Butaca.tv has a catalog that includes some of the most prestigious feature films made in Latin America, including landmark movies from the Golden Age of Mexican Cinema, such as Nosotros los Pobres and A Toda Maquina; the films of Mexican Cinema icon Pedro Infante and contemporary offerings such as Betty Kaplan's Dona Barbara and Eva Peron, directed by Juan Carlos Desanzo. In the future additional programming will be added including sports and lifestyle programming, documentaries, television, and biographies.
Robert Rodriguez Launches Quick Draw
By Michael Speier, Deadline Hollywood
The company is a partnership between Rodriguez, OddLot Entertainment and Bold Films and will produce and finance action-oriented projects. The partnership is for multiple titles and all films will either be directed by or produced by Rodriguez. "This new venture allows us to develop, greenlight and produce films from the idea stage through delivery," the Machete writer/director said. Quick Draw will be based in Austin, Texas
Bold Films and OddLot are both currently producing Drive, starring Ryan Gosling and Carey Mulligan. Separately, OddLot has two upcoming films scheduled for release in Rabbit Hole and From Prada to Nada, while one of Bold's upcoming productions is Into Hell, directed by Alex Holmes.
ABC Buys Salma Hayek's Telenovela Adaptation
By Michael Schneider, Variety
"Ugly Betty" exec producer Salma Hayek is once again mining the world of telenovelas for ABC. Hayek and her producing partner Jose Tamez have sold an adaptation of the Argentinian telenovela "Los Roldan" to the network through their Ventanarosa shingle.
For this U.S. adaptation, they're turning to former "Ugly Betty" scribes Veronica Becker and Sarah Kucserka, who are on board as writers and exec producers. Hayek and Tamez will exec produce; ABC Studios is behind the project.
"Ugly Betty," of course, was a U.S. reworking of the global telenovela phenomenon "Betty La Fea." In the case of "Los Roldan," the telenovela was produced from 2004 to 2005 by Argentina broadcaster Telefe.
Like "Ugly Betty," "Roldan" is a drama with comedic undertones. The show follows a working-class man who saves the life of a woman. She then hires him to run her company -- much to the chagrin of her family.Local versions of "Los Roldan" have already been produced in Colombia, Mexico and Cyprus.
Becker and Kucserka's credits include "Mercy" and "Brothers and Sisters."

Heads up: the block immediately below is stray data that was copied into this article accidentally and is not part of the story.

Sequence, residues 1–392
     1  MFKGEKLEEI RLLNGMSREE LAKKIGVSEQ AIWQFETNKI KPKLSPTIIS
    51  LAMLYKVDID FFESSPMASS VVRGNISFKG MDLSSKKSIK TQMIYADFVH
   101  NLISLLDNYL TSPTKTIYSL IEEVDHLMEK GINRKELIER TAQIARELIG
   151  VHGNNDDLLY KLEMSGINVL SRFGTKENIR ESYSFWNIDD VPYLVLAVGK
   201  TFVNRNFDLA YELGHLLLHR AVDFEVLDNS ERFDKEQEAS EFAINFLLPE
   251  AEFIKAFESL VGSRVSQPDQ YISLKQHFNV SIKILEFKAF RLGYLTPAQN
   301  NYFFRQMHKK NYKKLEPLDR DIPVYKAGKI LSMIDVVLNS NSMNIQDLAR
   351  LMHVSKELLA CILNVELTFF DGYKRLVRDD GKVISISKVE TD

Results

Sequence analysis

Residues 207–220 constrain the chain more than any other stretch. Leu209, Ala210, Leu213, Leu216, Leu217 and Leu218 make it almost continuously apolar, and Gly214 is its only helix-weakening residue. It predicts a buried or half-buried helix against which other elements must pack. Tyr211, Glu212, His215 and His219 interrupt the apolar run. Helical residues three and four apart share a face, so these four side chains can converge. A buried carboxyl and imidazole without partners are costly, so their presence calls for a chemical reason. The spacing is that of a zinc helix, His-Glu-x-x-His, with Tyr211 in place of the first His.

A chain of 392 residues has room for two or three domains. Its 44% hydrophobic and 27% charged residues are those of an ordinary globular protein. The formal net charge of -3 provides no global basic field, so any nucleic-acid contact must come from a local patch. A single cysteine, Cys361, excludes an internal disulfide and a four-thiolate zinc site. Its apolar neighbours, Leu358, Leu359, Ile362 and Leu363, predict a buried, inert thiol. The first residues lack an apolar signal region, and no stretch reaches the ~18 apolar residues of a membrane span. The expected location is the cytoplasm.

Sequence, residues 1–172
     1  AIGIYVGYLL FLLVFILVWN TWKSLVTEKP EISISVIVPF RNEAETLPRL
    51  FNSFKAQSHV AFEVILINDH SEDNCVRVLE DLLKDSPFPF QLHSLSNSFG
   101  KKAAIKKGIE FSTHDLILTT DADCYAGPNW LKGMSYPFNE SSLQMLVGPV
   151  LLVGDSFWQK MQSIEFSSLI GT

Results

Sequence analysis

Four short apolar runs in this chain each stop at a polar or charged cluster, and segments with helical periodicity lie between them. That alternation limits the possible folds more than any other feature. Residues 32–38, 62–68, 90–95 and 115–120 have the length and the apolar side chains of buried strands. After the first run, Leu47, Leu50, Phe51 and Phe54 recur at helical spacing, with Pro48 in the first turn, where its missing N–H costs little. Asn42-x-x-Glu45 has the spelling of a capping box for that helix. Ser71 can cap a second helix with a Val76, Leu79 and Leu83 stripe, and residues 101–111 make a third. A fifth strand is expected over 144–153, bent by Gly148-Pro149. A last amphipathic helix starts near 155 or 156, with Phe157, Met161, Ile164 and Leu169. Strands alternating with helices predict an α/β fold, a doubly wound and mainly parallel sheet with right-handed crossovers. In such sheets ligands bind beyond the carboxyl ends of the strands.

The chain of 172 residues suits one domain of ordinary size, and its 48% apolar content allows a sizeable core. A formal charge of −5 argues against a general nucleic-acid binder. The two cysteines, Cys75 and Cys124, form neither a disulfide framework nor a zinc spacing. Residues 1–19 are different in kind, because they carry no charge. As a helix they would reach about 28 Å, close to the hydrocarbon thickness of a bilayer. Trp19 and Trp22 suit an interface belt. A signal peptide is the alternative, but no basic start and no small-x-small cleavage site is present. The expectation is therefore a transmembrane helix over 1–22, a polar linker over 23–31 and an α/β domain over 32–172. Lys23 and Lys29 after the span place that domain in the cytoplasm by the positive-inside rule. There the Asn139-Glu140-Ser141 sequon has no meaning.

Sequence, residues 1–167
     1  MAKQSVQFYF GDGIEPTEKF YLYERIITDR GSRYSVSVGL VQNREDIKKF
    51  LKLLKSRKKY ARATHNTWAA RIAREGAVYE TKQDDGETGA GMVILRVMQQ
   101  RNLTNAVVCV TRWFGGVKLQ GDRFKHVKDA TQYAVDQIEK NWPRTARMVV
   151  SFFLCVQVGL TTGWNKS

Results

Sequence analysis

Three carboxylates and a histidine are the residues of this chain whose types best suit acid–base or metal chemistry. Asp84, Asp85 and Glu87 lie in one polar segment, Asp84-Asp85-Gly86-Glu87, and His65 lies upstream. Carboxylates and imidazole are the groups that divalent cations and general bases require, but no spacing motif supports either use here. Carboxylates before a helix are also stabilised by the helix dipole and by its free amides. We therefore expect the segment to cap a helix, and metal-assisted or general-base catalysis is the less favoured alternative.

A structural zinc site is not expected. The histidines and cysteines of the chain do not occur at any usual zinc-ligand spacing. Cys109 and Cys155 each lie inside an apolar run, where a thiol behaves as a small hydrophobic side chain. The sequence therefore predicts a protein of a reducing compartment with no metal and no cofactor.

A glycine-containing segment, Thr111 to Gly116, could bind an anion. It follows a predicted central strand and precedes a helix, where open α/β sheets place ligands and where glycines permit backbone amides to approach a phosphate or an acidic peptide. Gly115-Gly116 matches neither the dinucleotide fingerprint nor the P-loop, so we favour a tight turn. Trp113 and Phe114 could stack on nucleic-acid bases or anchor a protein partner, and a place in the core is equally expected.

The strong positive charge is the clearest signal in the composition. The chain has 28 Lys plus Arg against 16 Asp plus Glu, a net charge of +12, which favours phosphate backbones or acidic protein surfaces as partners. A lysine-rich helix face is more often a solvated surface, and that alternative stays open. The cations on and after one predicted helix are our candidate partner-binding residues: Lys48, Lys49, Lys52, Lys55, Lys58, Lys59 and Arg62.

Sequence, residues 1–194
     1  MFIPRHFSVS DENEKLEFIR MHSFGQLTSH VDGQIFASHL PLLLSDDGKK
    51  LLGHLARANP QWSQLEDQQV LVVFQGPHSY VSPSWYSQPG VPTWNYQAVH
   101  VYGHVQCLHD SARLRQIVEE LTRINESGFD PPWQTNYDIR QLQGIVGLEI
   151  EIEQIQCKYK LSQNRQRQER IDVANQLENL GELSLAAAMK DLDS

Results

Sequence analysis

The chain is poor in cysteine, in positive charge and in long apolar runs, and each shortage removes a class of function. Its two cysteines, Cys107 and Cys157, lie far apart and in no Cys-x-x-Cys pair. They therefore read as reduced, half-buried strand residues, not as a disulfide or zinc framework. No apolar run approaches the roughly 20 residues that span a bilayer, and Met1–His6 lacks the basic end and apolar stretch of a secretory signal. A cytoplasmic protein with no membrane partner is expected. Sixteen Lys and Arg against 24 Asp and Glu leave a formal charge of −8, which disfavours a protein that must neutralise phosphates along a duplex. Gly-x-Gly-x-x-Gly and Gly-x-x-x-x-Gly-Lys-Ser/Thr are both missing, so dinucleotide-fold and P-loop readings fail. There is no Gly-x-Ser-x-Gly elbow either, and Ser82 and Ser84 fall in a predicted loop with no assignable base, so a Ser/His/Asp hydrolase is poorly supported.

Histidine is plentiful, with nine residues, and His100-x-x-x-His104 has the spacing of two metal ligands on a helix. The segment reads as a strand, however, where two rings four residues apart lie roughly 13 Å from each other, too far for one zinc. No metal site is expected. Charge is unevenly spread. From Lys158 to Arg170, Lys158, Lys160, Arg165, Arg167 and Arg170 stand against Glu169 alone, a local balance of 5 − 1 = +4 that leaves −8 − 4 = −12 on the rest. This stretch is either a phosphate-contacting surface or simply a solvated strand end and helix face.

Hayek and Tamez developed a U.S. version of the Argentina telenovela "Culpables" in 2008, but that project didn't move forward.
Blonde, Blue-Eyed, Euro-Cute Latinos on Spanish TV
By Dr. Al Carlos Hernandez, LatinoLA
For second and third generation Latinos living in the USA, Spanish language TV is as foreign and disingenuous to our lifestyles as Jersey Shore. Everything portrayed on Univision, Galavision, and Telemundo reflects a "Euro-Cute" opinion of beauty; a visual that has tormented normal-looking Latinos for generations. To me, light-skinned, light-eyed, wealthy people represent the patron, not the peon.
Why, when I travel down south to the Motherland, is it always the Festival of St. Cara de Burro? I have never seen anyone even close to novella-quality walking the streets or even working the hotels.
Spanish-language TV has made a strangely twisted, anti-affirmative action effort to hire any Spanish-speaking white person on the planet who can over-act on cue. I have never seen a Benito Juarez-looking leading man or a leading lady like Frida. Brown is bad and guero is always good.
Spanish TV ambitiously perpetuates this Aryan beauty myth. People go to church with these novelas five times a week to learn the value of racial misinformation. No one says anything about it because these people happen to be speaking Spanish. Speaking Spanish doesn't make one Latino. I met several Spanis- speaking Chinese folks at Popeye's Chicken.
Cortez spoke Spanish and taught it to La Malinche - then she turned around and sold out the Aztecs. Her name is remembered when you bang your thumb with a hammer, stub your toe on a bedpost or realize that your brother-in-law won the lottery.